So, then you hope you have a partner who works and earns enough too.
But it’s a stretch and you have to get the most money possible, leaving you with very little breathing room.
And, remember, that’s an average earnings figure. If you’re working minimum wage, that number must look like a small fortune ☹
What other options are there?
I don’t necessarily want to buy a house that will be there forever.
I want a home that I can call my own and live in.
My life will not last 200+ years. I need somewhere to live today that will see me through maybe another 70 odd years (if I’m lucky).
Flat pack is the new black
Get your Allen keys at the ready!
We all love a bit of flat pack DIY – maybe some more than others.
Heading to Ikea and picking up a Billy bookcase to make on a Saturday afternoon make be some people’s idea of DIY heaven.
(As long as you read the instructions – properly!), flat pack furniture is easy to put together and takes no time at all.
Some parts of your flat pack project make need a helping hand to list a heaving bit of wood or metal but, on the whole, you can really do most of it yourself.
A bookcase is one thing, but would you consider flat packing your own home?
Is it a cost effective solution to bricks and mortar or a terrible idea that we should trash?
Flat pack house
When you buy a house, you know you’ll get a bedroom or two, kitchen, bathroom etc, but they are where they are.
When it comes to buying a flat pack house, you are more in control of the home you want.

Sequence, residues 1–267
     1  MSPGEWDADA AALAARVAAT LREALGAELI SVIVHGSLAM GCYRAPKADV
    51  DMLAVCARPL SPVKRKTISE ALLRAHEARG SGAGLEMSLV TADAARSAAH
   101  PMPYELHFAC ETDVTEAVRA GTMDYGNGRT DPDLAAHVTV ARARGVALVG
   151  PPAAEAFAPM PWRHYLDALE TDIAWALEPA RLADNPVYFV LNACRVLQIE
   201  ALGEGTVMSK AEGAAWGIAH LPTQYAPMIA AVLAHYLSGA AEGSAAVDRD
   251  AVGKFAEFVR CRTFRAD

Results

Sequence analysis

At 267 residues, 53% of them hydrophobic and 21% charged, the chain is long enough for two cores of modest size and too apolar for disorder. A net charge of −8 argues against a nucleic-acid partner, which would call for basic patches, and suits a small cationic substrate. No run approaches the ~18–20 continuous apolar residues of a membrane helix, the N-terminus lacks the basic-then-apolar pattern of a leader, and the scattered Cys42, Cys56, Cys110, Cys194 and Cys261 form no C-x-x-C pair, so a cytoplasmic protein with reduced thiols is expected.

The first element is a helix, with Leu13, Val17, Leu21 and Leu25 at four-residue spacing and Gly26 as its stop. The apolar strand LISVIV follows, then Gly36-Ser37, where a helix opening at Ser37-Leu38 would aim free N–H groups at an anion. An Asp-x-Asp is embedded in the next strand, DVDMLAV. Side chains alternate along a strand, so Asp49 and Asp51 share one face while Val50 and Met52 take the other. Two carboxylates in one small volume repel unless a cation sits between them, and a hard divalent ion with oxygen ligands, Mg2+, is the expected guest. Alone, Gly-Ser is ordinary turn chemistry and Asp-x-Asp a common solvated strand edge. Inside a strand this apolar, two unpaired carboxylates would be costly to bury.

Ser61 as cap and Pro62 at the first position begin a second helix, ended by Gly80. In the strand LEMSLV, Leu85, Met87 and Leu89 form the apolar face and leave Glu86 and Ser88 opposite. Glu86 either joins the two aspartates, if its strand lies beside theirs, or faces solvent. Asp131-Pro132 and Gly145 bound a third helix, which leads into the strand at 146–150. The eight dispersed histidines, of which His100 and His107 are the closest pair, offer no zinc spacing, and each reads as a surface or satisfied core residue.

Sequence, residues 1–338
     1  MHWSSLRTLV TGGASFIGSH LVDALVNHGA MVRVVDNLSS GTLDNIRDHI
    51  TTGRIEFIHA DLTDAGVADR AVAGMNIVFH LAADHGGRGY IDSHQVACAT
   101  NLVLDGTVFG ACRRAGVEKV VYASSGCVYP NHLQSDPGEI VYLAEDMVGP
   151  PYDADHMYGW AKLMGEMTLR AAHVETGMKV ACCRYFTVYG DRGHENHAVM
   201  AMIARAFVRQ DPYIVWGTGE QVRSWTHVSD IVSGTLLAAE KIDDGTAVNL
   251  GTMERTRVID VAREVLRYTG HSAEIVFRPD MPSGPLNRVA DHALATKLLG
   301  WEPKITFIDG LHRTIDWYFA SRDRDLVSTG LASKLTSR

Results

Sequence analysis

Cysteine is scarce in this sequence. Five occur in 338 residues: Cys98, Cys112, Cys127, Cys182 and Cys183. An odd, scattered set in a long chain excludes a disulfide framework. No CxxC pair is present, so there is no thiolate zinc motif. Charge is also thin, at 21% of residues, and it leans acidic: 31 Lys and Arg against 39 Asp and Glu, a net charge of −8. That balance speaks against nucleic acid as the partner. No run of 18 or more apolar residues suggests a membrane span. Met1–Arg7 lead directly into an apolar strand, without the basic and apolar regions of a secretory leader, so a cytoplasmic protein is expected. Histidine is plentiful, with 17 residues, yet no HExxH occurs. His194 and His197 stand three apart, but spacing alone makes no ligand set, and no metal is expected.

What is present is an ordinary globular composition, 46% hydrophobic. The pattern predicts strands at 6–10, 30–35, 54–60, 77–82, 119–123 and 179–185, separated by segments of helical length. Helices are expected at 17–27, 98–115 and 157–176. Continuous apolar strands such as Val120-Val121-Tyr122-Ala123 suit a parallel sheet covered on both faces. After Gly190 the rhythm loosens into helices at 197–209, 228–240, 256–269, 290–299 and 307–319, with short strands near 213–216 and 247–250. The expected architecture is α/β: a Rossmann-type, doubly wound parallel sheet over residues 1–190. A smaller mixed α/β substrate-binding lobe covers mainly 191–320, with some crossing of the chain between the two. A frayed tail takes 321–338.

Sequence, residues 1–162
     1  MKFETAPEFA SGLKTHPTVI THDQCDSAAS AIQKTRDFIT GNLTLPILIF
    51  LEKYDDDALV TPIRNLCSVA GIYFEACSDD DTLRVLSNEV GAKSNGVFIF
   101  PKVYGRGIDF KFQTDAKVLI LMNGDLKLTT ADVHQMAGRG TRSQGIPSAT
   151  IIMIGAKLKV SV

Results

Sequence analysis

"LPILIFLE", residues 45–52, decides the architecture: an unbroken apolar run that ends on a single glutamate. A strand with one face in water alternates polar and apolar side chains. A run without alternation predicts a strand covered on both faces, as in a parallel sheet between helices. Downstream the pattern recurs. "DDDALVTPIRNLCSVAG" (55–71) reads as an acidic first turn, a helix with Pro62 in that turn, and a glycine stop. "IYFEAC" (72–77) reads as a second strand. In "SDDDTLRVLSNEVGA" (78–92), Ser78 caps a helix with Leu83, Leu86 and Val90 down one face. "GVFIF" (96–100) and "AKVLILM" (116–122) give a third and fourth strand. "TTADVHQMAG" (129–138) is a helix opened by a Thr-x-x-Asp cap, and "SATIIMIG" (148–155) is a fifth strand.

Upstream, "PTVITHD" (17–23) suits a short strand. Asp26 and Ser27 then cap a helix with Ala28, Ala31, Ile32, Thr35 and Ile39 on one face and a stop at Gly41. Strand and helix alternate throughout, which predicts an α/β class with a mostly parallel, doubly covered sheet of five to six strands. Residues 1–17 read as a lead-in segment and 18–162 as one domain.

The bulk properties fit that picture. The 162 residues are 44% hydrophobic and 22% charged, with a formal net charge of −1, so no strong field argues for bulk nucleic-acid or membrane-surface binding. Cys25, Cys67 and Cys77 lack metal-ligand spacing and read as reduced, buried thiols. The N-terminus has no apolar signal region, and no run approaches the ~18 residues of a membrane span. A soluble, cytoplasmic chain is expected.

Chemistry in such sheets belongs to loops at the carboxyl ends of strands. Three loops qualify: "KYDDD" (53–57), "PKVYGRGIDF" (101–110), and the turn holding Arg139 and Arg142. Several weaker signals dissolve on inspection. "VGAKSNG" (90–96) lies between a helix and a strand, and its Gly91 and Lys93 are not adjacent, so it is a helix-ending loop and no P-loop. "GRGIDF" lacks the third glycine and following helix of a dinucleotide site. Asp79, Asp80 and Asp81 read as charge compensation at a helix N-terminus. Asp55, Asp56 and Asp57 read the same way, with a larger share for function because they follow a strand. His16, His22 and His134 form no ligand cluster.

It’s a bit more like shopping and you can decide on the rooms and customisations, taking into account your budget.
Ok, so you might need more than an Allen key, but some flat pack houses can go up in less than 6 hours!
You can start building when the kids leave for school in the morning and it’ll be completed by the time they get home!
Flat pack living
Flat pack houses from M.A.DI. Home can be built in 6-7 hours with three workers and the project doesn’t always need planning permission to put it up.
And the cost?
Your new home could cost from just £24,000 and be built in less than a day.
Check out how it goes up!!
Ok, it’s not just the cost of the flat pack home – there are other costs you need to take into account, but there would be if you bought a normal property.
You’d obviously need to buy land, consider any stamp duty, hire people to help put it up (unless you’re very handy!), pay to get the land ready and get utilities connected. But, it’d still be cheaper than bricks and mortar.
Housing crisis? What housing crisis?!
It’s not just about having somewhere affordable to buy.
What about the social housing crisis?
What housing crisis!
It’d be a thing of the past – in weeks!
If the government, or councils, or anyone just thought:
“Hey, let’s do this! Let’s build a village of pop up homes in a day. Let’s move in people who are stuck living in emergency housing, on the streets or sofa surfing cause there’s so little property elsewhere”
There would no longer be a housing crisis.
There would be a community of people who had a home. A place to keep their stuff. A place to live.
And, for not very much money at all.
But, is it viable? Would it work? Would you live in a flat pack house?
I’m very tempted!
Read next: All We Want is a Place to Call Our Own